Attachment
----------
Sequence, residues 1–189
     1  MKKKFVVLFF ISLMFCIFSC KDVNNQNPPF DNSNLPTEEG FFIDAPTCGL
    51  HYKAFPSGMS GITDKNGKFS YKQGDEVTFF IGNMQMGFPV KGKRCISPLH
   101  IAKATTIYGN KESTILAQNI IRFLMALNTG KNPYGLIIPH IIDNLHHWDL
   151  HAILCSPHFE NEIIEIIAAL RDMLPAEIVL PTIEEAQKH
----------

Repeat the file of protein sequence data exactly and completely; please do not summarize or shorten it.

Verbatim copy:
Sequence, residues 1–189
     1  MKKKFVVLFF ISLMFCIFSC KDVNNQNPPF DNSNLPTEEG FFIDAPTCGL
    51  HYKAFPSGMS GITDKNGKFS YKQGDEVTFF IGNMQMGFPV KGKRCISPLH
   101  IAKATTIYGN KESTILAQNI IRFLMALNTG KNPYGLIIPH IIDNLHHWDL
   151  HAILCSPHFE NEIIEIIAAL RDMLPAEIVL PTIEEAQKH